A meta-analysis of 15 research involving over 50,000 participants from four continents has revealed new information on the amount of daily walking steps that will best improve adults’ health and longevity—and if the number of steps varies by age.
The research is part of an effort to create an evidence-based public health message about the advantages of physical activity. The 10,000-steps-a-day motto arose from a decades-old marketing promotion for a Japanese pedometer, with no scientific evidence to back up its health benefits.
The Steps for Health Collaborative, led by physical activity epidemiologist Amanda Paluch of the University of Massachusetts Amherst, discovered that walking more steps per day reduces the risk of early mortality. The findings were published in a publication in The Lancet Public Health on March 2nd.
More specifically, for those 60 and older, the risk of premature mortality plateaued at around 6,000-8,000 steps per day, indicating that taking more steps did not improve longevity. The risk of premature death in adults under 60 was found to be stable at around 8,000-10,000 steps per day.
Paluch explains, “What we noticed was this progressive reduction in risk as steps increased, until it leveled off.” “Also, for older vs younger persons, the leveling happened at different step values.”
Paluch points out that the study revealed no definite link between walking pace and the overall number of steps taken each day. The association between getting in your steps—regardless of the pace at which you walked them—and a lower risk of dying was discovered.
The current study backs up and extends on findings from another Paluch-led study published in the JAMA Network Open last September, which found that walking at least 7,000 steps per day lowered the chance of early death in middle-aged people.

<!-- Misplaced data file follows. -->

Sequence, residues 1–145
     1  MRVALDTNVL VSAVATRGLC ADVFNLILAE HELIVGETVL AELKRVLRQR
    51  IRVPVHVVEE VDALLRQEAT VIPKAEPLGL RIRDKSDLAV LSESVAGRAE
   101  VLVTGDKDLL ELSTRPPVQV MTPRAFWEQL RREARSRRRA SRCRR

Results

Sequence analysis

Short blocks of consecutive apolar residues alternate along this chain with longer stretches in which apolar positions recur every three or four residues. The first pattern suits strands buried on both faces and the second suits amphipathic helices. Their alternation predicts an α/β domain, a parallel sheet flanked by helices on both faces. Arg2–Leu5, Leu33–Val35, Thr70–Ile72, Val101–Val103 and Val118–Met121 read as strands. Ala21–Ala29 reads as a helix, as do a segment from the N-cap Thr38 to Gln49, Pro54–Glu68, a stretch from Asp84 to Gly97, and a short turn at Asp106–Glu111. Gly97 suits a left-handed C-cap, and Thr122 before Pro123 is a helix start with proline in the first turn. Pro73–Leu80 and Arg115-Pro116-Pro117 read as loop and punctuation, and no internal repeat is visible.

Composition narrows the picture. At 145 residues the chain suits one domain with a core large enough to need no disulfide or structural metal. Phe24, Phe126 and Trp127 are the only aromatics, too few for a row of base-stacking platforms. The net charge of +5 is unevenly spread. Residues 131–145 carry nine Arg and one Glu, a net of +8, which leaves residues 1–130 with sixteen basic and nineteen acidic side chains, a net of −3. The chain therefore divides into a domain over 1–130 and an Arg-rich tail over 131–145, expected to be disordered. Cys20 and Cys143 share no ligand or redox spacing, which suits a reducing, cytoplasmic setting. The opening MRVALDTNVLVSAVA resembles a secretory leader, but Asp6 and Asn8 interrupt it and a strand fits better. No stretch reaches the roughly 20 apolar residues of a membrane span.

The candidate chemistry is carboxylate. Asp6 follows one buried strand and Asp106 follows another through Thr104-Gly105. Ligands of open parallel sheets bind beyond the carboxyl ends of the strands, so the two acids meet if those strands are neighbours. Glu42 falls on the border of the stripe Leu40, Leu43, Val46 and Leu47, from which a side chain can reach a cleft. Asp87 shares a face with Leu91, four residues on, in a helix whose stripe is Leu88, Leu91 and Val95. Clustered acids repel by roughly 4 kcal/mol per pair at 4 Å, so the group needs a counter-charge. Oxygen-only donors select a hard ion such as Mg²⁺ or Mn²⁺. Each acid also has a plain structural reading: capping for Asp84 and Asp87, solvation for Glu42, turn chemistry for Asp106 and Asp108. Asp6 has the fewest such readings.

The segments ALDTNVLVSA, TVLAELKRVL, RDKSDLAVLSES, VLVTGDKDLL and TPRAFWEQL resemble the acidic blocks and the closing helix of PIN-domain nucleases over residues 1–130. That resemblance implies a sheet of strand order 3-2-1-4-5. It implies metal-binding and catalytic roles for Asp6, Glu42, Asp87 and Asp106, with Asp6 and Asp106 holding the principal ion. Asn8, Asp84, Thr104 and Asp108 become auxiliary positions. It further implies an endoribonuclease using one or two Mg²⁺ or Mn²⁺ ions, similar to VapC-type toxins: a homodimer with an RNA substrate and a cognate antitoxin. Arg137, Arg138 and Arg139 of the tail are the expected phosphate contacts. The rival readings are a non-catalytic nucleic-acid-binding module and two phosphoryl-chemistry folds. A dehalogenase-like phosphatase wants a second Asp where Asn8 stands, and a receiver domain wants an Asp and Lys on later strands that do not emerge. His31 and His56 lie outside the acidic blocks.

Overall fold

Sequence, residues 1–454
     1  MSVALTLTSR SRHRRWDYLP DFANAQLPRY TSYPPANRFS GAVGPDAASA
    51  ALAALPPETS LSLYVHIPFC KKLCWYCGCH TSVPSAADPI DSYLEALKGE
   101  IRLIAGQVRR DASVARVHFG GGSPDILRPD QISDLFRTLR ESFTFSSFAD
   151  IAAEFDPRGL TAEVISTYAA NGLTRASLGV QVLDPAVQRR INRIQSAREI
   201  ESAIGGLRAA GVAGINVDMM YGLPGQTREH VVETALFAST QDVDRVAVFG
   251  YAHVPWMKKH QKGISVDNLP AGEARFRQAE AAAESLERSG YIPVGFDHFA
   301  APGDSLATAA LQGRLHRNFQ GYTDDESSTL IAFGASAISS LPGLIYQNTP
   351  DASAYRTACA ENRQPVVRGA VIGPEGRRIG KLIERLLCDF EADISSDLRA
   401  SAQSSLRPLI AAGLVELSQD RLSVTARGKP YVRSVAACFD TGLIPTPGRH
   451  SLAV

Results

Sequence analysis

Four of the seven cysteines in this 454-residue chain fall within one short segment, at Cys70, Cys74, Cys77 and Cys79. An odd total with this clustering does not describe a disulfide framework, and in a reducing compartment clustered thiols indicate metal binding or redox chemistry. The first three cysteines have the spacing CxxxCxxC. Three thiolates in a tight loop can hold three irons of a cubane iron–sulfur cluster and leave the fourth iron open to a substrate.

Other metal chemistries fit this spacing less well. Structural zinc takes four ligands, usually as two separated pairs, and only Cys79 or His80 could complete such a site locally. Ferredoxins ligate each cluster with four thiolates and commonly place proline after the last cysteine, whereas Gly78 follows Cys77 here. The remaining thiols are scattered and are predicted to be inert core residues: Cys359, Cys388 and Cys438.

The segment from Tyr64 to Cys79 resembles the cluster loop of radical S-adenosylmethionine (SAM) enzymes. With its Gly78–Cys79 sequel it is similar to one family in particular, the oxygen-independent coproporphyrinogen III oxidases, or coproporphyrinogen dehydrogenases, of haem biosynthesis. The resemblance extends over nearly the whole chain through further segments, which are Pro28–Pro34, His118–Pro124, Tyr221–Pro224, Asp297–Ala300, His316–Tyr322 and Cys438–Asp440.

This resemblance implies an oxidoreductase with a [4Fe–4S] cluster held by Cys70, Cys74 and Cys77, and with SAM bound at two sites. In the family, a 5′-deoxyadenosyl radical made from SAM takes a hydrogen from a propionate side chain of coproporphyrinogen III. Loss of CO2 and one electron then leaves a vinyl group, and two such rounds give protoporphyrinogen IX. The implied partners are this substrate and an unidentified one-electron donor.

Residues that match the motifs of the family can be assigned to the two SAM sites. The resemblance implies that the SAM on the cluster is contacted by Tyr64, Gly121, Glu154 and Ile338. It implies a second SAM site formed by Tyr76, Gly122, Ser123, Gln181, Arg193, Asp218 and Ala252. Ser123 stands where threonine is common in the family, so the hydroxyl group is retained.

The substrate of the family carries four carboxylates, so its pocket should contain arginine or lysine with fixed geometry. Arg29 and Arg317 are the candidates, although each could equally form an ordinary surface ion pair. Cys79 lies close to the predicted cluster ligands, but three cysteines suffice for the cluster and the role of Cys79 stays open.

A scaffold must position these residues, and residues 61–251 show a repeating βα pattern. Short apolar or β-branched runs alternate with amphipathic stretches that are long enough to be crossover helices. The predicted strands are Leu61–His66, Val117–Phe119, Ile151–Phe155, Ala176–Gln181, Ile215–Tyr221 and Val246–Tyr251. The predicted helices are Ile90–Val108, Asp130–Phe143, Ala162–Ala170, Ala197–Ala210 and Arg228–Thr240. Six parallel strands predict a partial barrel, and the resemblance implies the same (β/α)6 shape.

Adults should obtain at least 150 minutes of moderate-intensity aerobic physical exercise per week, according to the 2018 Physical Activity Guidelines for Americans. Paluch is one of the academics working to build an evidence basis that would guide recommendations for easy, accessible physical exercise like walking.
“Steps are fairly easy to track, and fitness tracking gadgets are rapidly growing in popularity,” Paluch explains. “For public health message, it’s such a straightforward communication tool.”
The researchers pooled data from 15 studies that looked at the impact of daily steps on all-cause death in people aged 18 and up. They divided almost 50,000 individuals into four groups based on their average daily steps. The lowest step group averaged 3,500 steps per day, followed by 5,800, 7,800, and 10,900 steps per day.
According to the meta-analysis, the three higher active groups who walked more steps per day had a 40-53 percent lower risk of death than the lowest quartile group who walked fewer steps.
“The main lesson is that there’s a lot of evidence that moving just a little bit more is good, especially for those who aren’t doing much,” Paluch adds.
“It is better for your health to walk more steps every day. For older persons, the advantage in terms of mortality risk is about 6,000 to 8,000, while for younger adults, the benefit is approximately 8,000 to 10,000.”